This book just added to my anxiety level as a new mother. It's expectations of parents are so high, that you feel bad if you let your baby cry for even a minute! Dr. Sears and his wife expect you to 'wear your baby' around all the time. It doesn't seem like a realistic approach to parenthood. If you want to feel guilty about what you're not doing correctly, read this book. Otherwise, love your baby and do the best you can without this book!

posted by Anonymous on April 8, 2003

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  • Anonymous

    Posted April 1, 2003

    Drive yourself crazy

    This is a book that will drive a new parent absolutely insane and elevate anxiety levels. The Sears' philospohy of 'attachment parenting' is sure to create many children who feel the world revolves around their every need. As parents, it is our responsibility to raise well-adjusted and happy people who trust others and contribute to a greater community. This book may help create insecure little children who become uncomfortable and miserable everytime their parents leave them, making them unpleasant to be around, and not allowing parents to live their lives. If you ever have gone to a restaurant and seen a stressed-out family with loud and boisterous kids who pay no attention to anything their parents are telling them, or know people who can never do anything because managing their children monopolizes every minute of the day, the children are probably being raised using the principles found in this book.

    2 out of 13 people found this review helpful.

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  • Anonymous

    Posted November 17, 2010

    One of the most condescending, irritating books I have ever "read" if anyone can actually "read" this tome

    This book has some useful information in it regarding health and safety concerns for children, as well as feeding issues and things of that nature.

    To me, that is where the usefulness of this book ends. Most of the book actually consists of lectures about a particular style of parenting that is not going to be right for everyone. The implicit message of the book is that you are not an adequate parent if you don't follow its advice. No new parent needs a 700-page guilt trip for wanting to take reasonable measures to teach their child to fit into the adult world and not vice versa. This does not mean forcing children to "cry it out" or "passing their children off to strangers" as some of the reviewers here assert. Believe me you can train your kids to be independent without being cruel. I can see how this advice was a meaningful corrective in the 1960's when the prevailing philosophy was that children should be seen but not heard, but at this point, it is outdated in my opinion.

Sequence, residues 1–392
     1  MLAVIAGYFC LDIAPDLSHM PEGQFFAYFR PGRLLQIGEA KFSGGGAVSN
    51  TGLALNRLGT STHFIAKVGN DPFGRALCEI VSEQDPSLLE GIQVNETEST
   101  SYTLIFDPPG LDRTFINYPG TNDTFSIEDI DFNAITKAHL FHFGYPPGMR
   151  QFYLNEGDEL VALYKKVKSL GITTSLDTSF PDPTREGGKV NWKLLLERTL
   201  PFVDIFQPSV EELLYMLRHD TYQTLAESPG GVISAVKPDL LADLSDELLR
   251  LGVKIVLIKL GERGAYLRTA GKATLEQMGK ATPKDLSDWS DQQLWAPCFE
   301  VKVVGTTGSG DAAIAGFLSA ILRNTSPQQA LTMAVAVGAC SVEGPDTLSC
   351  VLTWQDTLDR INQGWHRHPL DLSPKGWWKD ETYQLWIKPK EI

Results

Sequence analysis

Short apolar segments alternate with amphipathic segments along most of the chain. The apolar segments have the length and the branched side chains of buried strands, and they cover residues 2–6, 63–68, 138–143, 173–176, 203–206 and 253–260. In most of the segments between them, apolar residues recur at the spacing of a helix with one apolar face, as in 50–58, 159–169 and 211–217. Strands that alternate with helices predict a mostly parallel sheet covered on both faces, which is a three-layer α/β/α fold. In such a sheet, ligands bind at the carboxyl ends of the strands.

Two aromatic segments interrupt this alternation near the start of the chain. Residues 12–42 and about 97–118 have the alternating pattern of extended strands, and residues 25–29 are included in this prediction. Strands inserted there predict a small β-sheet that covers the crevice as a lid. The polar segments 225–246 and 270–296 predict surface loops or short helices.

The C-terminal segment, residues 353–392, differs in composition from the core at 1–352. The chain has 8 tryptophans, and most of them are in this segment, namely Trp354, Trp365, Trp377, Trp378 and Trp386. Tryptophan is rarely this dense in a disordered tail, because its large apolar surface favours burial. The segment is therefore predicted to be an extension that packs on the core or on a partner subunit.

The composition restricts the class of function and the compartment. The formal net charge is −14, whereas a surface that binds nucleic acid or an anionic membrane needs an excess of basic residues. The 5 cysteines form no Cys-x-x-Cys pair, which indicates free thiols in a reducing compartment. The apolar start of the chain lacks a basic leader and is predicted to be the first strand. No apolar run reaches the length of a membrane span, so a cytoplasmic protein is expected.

Strangely, my family has some odd parallels with the Sears family. I am from a family of 8 children, my father is a doctor and my mother a nurse. I had several younger children that I helped take care of growing up, I worked as a babysitter and nanny throughout my childhood, adolescence, and college, and I have zillions of nieces and nephews that I am very close to and am now a parent myself. My mother--who is universally adored by children--would guffaw at the advice in this book because it makes no allowance for the parents having their own lives. Believe me, there are loving alternatives to what is presented in this book and you are not being cruel if you teach your children some independence. There are many ways to raise happy and healthy children and no one has a monopoly on that. So please do what works for you and your child and don't follow the unrealistic advice in this book if it doesn't work for you. And if it does work for you, that's fine too, just please spare everyone else the lectures. I recommend the Baby Whisperer books for those looking for advice about how to parent while preserving your sanity.

    1 out of 3 people found this review helpful.

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  • Anonymous

    Posted June 27, 2013

    Ahhhhhhhhhh

    Stupid. Stupid stupid stupid

    0 out of 1 people found this review helpful.

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  • Anonymous

    Posted June 20, 2012

    OMG

    I got the wrong book i meant to get a book for my little sister and accidemtaly got the wrong book

    0 out of 3 people found this review helpful.

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  • Anonymous

    Posted April 15, 2012

    Didnt do me any good

    Im searching for a book that will help me bcome a better babysitter. Although when i found this book it didnt help at all. If you find any bopks that can help me become a better babysitter or any books on babysitting a newborn plz tell me.
    Love, .#@:)!7

    0 out of 3 people found this review helpful.

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  • Anonymous

    Posted September 27, 2010

    No text was provided for this review.

  • Anonymous

    Posted December 23, 2012

    No text was provided for this review.

  • Anonymous

    Posted April 20, 2011

    No text was provided for this review.

  • Anonymous

    Posted August 22, 2010

    No text was provided for this review.